An extract on #exploresg
Panama's politics take place in a framework of a presidential representative democratic republic, whereby the President of Panama is both head of state and head of government, and of a multi-party system. Executive power is exercised by the government. Legislative power is vested in both the government and the National Assembly. The judiciary is independent of the executive and the legislature.
For all people national elections are universal and mandatory for all citizens 18 years and older. National elections for the executive and legislative branches take place every five years. Members of the judicial branch (justices) are appointed by the head of state. Panama's National Assembly is elected by proportional representation in fixed electoral districts, so many smaller parties are represented. Presidential elections do not require a simple majority; out of the four last presidents only one, incumbent president Ricardo Martinelli, was elected with over 50% of the popular vote.
Since the early 20th century, Panama has built, thanks to the revenues of the canal, the largest International Financial Center (IFC) in the Central America region, with consolidated assets representing more than three times Panamas GDP. The banking sector employs more than 24,000 people directly. Financial intermediation contributed 9.3 percent of GDP. Stability has been a key strength to Panama financial sector, which has benefited from the country's favorable economic and business climate. The banking institutions have continued to report sound growth and solid financial earnings. The banking supervisory regime is largely compliant with the Basel Core Principles for Effective Banking Supervision. As an international financial center, Panama exports its services mainly to Central and Latin America and is a fundamental part of the connectivity of the country's economy.
Panama had a reputation worldwide for being a tax haven but have agreed for enhanced transparency especially since the release in 2016 of the Panama Papers. Significant progress have been made to improve full compliance to anti-money laundering recommendations. Panama was removed from the FATFGAFI gray list in February 2016. However efforts remain to be made, the IMF repeatedly mentions the need to strengthen financial transparency and fiscal structure.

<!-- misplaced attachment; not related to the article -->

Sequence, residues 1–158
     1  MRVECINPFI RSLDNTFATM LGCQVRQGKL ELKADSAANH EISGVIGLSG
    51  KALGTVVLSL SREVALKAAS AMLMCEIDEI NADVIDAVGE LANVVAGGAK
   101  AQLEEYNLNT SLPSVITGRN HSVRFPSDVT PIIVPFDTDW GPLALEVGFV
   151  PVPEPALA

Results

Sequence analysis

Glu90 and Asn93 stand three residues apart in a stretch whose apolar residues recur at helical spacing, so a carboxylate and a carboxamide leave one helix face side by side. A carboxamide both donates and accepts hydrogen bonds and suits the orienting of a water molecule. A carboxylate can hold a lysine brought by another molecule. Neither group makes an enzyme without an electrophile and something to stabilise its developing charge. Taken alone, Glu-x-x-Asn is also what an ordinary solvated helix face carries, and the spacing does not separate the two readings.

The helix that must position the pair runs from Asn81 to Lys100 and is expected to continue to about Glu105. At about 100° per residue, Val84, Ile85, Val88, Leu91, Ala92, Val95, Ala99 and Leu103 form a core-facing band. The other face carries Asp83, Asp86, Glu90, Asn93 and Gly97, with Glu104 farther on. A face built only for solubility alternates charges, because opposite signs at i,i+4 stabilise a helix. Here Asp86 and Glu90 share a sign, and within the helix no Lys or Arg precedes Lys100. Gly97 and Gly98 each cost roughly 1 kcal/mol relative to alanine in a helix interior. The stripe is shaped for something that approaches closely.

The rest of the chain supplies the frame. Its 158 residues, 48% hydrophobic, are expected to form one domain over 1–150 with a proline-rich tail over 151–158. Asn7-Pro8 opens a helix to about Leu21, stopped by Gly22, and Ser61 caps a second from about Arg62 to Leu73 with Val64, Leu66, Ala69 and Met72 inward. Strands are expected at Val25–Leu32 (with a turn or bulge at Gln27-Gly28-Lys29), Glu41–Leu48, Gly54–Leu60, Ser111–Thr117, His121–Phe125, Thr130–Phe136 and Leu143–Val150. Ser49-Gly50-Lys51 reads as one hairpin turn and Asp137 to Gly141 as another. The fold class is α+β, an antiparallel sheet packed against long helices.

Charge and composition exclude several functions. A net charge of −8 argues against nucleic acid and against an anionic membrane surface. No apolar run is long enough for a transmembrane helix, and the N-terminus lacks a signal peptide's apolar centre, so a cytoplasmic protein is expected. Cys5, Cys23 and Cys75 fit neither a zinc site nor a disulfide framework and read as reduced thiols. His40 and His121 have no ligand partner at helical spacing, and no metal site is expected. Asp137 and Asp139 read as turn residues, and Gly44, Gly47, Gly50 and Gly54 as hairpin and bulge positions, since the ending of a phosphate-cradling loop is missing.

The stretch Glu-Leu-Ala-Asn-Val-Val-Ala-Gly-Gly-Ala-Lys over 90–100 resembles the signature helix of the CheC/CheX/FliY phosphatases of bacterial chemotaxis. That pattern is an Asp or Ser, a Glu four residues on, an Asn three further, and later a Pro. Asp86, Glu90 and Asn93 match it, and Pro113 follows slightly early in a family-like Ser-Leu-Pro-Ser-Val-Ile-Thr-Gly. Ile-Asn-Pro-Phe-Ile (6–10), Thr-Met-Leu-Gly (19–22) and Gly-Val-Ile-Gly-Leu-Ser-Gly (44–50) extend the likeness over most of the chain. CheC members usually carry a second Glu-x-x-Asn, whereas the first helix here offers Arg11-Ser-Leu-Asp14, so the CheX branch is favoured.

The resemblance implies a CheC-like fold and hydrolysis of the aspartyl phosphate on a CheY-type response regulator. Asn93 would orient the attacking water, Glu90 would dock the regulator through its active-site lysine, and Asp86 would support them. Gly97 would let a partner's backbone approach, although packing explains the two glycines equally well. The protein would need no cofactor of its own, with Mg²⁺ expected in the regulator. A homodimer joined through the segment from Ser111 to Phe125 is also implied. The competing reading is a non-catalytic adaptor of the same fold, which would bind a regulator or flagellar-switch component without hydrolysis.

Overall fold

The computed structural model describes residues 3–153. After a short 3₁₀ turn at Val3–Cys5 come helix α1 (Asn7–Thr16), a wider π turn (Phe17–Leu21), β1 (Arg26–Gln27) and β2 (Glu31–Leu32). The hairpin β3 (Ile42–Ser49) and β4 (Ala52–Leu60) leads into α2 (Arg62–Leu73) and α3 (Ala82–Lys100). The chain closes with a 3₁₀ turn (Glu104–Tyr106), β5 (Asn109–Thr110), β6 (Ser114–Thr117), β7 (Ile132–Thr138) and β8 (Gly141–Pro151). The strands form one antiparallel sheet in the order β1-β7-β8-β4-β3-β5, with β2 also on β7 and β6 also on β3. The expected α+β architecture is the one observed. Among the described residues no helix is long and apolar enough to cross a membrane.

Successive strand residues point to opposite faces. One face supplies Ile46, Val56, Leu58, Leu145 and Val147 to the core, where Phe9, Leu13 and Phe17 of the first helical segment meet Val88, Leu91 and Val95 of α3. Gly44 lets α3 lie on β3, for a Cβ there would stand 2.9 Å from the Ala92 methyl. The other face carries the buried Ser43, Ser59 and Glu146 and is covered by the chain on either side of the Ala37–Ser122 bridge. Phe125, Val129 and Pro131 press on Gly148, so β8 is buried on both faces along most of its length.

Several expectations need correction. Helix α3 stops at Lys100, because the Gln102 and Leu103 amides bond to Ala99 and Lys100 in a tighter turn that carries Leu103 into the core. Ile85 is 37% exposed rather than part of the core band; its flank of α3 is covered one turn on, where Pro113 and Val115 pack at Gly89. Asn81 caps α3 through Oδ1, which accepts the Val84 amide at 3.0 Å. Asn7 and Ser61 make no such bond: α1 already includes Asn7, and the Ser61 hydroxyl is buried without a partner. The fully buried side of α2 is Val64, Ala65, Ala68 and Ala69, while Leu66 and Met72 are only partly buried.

Originally, during the 16th century, education in Panama was provided by Jesuit priests. Public education, as a national and governmental institution, began in 1903. The principles underlying this early education system were that children should receive different types of education in accordance with their social class and therefore the position they were expected to occupy in society.
Public education began in Panama soon after the separation from Colombia in 1903. The first efforts were guided by an extremely paternalistic view of the goals of education, as evidenced in comments made in a 1913 meeting of the First Panamanian Educational Assembly, "The cultural heritage given to the child should be determined by the social position he will or should occupy. For this reason education should be different in accordance with the social class to which the student should be related." This elitist focus changed rapidly under United States influence.
In 2010, it was estimated that 94.1% of the population was literate (94.7% of males and 93.5% of females). Education in Panama is compulsory for the children of age group between 6 and 18. In recent decades, school enrollment at all levels, but especially at upper levels, has increased significantly. Panama used to participate in the PISA exams but due to debts and unsatisfactory exam results is postponing participation until 2018.